We would like to find a more explicit expression for p_{n,h}. One approach would be to seek a generating function for the hth column of probabilities. Putting b = 1  a for convenience, let us write equation (1) explicitly for n = 1, 2, 3, … as 

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If we multiply both sides of the nth equation in this sequence by x^{n} where x is some arbitrary parameter, then these equations become 

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If we sum up all these equations together, we get 

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Notice that we written the summation on the left side beginning at j = 0, even though the left side terms in the sequence actually start at j = 1. This is permissible, because the equations apply only for h > 0 (noting that one of the terms on the right side involves h – 1), and we’ve already seen that p_{0,h} = 0 for all h >0. Now, if we define a generating function P_{h}(x) by the infinite series 

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then the summation equation can be written as 

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Thus for any choice of the parameter x we have the recurrence relation 

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which has the characteristic equation 

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with the roots 

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If these two roots are distinct, then we know P_{h}(x) is of the form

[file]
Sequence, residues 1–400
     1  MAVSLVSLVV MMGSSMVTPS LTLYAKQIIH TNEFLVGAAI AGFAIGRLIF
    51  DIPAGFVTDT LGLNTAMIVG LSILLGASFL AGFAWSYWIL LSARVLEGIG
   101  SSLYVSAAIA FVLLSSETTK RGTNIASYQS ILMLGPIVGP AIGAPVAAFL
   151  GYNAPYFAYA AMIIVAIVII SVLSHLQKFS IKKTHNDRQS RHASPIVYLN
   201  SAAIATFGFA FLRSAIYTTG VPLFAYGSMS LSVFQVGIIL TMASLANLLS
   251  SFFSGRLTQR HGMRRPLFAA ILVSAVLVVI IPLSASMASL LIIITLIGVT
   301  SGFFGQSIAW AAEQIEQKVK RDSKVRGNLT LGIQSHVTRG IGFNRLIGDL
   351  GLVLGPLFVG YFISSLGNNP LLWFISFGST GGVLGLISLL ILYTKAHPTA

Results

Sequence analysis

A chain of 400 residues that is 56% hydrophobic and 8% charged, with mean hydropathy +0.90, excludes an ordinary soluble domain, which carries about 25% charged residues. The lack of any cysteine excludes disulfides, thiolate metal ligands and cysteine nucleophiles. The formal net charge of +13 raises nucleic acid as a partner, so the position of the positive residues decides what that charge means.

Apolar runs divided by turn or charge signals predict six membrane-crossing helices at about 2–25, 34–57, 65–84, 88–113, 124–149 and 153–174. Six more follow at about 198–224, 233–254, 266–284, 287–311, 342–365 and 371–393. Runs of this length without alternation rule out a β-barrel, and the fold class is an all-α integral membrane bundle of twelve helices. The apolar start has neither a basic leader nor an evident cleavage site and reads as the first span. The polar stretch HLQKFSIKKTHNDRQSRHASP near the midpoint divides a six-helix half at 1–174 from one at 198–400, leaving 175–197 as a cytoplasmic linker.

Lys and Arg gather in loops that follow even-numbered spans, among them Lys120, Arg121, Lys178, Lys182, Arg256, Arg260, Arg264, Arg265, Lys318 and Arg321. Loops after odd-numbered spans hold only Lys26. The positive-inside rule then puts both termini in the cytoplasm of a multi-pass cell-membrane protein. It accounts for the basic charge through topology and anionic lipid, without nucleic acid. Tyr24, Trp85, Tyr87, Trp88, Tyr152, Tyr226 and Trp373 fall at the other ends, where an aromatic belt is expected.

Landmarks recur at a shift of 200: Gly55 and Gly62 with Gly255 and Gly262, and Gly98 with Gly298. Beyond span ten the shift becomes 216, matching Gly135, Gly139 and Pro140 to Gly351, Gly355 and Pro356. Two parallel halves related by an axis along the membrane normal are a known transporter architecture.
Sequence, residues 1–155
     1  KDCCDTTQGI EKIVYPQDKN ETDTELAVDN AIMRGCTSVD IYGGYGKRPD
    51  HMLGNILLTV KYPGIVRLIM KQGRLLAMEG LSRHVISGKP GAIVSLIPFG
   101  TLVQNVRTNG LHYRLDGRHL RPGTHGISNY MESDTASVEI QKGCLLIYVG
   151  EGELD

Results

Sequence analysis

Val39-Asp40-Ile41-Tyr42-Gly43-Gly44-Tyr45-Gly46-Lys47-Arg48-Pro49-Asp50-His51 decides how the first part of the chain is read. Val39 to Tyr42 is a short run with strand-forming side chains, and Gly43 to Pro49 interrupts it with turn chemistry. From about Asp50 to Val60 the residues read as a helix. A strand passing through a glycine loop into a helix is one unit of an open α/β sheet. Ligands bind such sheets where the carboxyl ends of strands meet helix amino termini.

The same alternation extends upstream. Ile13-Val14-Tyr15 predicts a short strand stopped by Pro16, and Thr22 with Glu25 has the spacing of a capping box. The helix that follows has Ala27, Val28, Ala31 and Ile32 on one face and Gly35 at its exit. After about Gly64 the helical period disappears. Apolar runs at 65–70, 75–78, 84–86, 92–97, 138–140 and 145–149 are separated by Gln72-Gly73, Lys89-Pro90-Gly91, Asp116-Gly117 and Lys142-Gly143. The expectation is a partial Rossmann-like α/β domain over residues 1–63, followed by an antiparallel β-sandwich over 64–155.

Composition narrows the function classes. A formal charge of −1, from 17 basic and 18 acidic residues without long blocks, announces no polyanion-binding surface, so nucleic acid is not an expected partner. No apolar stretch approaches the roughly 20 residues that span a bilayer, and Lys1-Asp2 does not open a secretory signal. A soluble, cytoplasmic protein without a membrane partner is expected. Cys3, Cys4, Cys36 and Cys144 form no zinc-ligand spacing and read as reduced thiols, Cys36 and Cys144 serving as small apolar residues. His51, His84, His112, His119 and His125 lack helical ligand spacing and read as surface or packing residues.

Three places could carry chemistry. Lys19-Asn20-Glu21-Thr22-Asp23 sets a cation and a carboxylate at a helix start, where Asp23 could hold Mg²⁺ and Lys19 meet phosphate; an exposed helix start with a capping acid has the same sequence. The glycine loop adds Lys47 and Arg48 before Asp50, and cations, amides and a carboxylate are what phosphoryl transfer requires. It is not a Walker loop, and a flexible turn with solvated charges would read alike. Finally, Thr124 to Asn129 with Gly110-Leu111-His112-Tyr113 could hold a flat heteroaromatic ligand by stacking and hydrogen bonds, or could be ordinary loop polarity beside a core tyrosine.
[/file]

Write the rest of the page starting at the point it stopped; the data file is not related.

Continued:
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where A(x) and B(x) are arbitrary functions of x, to be determined by the boundary conditions. Recalling that pn,0 = 1 for all n (as seen from the zeroth column of the table above), we have as one boundary condition 

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For the second boundary condition, we stipulate that the probability of ruin is zero if our current holdings h equal the target N, so we have P_{N}(x) = 0. These conditions imply 

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from which we get 

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To evaluate this in the limit as N goes to infinity, it’s useful to notice that l_{1}l_{2} = b/a, so this equation can be written as 

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Since we’re free to choose x between 0 and 1, we have l_{1} > l_{2}, and so in the limit as N increases, the right hand factor in this expression approaches l_{1}^{N}^{h}/l_{1}^{N} = 1/l_{1}^{h}. Therefore, remembering that l_{1}l_{2} = b/a, we have